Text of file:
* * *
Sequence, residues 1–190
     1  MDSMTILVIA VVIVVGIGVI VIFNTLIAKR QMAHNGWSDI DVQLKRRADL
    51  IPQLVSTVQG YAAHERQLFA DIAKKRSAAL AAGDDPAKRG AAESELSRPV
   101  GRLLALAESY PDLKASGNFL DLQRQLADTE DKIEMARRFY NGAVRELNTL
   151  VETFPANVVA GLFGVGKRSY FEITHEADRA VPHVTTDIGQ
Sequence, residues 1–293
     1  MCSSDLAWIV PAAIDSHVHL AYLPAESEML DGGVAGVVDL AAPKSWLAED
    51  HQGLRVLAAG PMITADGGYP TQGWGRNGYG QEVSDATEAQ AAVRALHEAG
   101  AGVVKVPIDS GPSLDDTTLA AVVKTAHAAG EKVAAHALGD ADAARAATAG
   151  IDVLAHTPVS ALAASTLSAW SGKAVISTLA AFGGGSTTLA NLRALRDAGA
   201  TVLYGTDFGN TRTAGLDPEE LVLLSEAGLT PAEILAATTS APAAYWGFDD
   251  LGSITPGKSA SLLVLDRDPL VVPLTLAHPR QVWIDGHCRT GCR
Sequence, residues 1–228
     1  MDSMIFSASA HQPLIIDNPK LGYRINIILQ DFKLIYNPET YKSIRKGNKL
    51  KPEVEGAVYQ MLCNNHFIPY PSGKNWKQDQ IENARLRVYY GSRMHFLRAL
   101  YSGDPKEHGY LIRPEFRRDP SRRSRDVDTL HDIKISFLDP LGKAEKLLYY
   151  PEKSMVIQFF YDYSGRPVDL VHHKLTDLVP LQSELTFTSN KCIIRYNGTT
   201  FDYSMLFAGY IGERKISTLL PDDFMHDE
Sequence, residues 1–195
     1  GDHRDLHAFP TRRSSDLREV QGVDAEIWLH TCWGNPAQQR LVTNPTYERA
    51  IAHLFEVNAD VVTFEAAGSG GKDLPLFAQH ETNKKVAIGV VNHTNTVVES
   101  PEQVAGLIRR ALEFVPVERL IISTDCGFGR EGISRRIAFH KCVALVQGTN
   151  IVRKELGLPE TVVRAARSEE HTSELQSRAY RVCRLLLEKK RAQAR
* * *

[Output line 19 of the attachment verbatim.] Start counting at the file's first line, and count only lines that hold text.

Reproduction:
Sequence, residues 1–195